Greetings from the Alice in Wonderland Auto Show in Detroit. On one end of this city’s aging conference center, General Motors, maker of the hulking Hummer, is generating buzz with its 150-miles per gallon hybrid electric concept car, the Chevy Volt . At the other end, Toyota, best known for its gas-sipping Prius, has rolled out an enormous pickup truck that will guzzle a gallon of gas every 17 miles or so. The car business, it seems, has driven through the looking glass.
As strange as all this sounds, 2007 is the year of role reversals in the car business. After all, this is the year when most analysts figure Toyota will overtake GM to become the world’s largest automaker. But GM—emboldened by signs of a nascent comeback—isn’t conceding. “We’re not giving up just because somebody got a calculator for Christmas and worked some numbers,” says GM CEO Rick Wagoner. “This is going to be a dogfight.” Toyota, meanwhile, is so worried about a patriotic backlash from U.S. consumers that it is resisting declaring victory, with head-spinning rationale that would do Alice’s Cheshire cat proud. “People like a winner,” says Toyota executive vice president Jim Lentz, “but they don’t care who is No. 1.” (Don’t try selling that to Boise State fans.)
Driving the anxiety that lurks beneath this show is uncertainty over where American car buyers will turn next. When gas prices spiked above $3 a gallon last summer, small cars and hybrids were all the rage. Lately, though, with gas free-falling back to $2 a gallon, SUV and truck sales are picking up and hybrids are stalling. “We’re dealing with the schizophrenia of the American public,” says GM car czar Bob Lutz. “The problem is that Americans want power and performance, and at $2.20 a gallon no one cares about the fuel bill.”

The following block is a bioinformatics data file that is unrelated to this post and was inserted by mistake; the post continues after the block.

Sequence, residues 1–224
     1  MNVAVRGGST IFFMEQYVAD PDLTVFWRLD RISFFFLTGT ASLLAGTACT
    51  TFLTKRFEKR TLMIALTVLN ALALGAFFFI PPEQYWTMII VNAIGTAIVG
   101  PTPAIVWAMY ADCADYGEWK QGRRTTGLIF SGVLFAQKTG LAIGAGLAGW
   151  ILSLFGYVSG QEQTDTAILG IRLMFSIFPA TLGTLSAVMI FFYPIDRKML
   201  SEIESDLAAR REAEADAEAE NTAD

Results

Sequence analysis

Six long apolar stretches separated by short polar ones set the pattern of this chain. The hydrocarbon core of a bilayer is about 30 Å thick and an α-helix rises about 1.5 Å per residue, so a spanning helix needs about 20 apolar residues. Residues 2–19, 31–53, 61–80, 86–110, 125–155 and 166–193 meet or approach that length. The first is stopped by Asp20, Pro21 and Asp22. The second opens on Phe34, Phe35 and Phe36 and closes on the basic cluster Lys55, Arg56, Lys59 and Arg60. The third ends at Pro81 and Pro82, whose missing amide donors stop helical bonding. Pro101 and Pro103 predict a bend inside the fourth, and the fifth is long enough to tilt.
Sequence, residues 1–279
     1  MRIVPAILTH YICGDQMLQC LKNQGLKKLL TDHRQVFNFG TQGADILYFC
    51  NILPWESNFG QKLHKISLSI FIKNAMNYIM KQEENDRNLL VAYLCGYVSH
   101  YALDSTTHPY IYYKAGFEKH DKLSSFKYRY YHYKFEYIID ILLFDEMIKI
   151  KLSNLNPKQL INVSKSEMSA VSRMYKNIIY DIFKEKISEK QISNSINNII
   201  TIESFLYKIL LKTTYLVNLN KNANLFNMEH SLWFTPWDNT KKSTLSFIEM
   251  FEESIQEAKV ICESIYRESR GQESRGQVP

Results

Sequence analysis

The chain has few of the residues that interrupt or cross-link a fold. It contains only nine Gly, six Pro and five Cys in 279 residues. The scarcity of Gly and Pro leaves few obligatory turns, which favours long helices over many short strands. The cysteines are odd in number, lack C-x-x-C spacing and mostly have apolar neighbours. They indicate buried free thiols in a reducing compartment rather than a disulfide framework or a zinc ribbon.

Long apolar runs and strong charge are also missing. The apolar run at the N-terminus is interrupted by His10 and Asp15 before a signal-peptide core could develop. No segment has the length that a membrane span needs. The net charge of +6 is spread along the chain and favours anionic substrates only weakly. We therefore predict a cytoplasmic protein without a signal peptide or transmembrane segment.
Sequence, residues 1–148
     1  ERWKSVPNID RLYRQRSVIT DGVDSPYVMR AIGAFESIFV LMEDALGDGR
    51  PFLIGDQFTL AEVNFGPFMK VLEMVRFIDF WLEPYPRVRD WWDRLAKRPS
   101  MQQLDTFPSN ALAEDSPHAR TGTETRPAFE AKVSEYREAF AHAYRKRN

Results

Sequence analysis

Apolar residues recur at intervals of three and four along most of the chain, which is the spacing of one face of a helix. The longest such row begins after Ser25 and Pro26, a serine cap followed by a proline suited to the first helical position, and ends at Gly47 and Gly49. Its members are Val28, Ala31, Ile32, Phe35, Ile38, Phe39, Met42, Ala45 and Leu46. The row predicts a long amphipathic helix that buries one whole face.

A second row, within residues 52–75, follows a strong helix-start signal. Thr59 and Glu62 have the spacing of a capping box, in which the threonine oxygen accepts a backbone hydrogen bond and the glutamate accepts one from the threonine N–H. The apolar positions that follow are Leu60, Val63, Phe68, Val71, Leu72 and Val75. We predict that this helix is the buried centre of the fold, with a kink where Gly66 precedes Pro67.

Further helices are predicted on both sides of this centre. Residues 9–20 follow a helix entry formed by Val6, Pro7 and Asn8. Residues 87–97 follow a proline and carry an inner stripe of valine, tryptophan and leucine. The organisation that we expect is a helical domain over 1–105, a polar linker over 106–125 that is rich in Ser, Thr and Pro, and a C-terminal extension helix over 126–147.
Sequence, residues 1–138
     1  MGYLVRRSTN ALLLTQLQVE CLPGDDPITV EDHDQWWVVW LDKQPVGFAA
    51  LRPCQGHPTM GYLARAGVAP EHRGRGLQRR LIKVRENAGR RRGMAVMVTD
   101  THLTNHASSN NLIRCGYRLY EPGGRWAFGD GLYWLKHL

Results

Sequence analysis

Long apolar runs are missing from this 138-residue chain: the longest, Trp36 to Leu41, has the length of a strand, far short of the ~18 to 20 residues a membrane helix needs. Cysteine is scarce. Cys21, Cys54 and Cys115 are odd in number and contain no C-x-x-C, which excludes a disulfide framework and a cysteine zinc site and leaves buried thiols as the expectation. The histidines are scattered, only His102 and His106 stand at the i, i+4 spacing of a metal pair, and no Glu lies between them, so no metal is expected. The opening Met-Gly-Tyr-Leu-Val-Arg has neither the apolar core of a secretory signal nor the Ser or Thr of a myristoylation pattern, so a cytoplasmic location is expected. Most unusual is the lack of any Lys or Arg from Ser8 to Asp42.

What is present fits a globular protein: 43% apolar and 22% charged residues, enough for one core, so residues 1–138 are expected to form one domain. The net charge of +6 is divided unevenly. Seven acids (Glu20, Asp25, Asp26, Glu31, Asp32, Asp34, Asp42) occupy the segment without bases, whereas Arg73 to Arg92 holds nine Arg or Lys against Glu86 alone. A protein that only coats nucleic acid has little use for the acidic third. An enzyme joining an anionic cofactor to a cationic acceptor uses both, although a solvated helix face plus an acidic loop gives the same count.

Of course, if pump prices go back to three bucks, everyone will care again. So automakers are hedging their bets all over the auto show floor. A few steps from that shocking Chevy Volt is a steroidal 400-horsepower Camaro convertible, with a flaming orange paint job and huge 22-inch wheels. At the Ford stand, a space-aged hydrogen-powered Airstream van is parked across the aisle from the Ford Interceptor, a retro muscle family car that seems to gun its monster engine on the hour. As for Toyota? Parked beside those hefty pickup trucks is its sleek little FT-HS hybrid sports car that’s all about making green autos cool.
The split personality of the auto show says a lot about where the industry is heading. Rather than trading places, the world’s automakers are actually converging. Each wants what the other has. That’s why Toyota is trying to double its market share in the U.S. pickup truck market that Detroit dominates. And it’s why GM is playing catch-up in the hybrid market that Toyota owns. “It shows,” acknowledges Wagoner, “that we’re more alike than we are different.”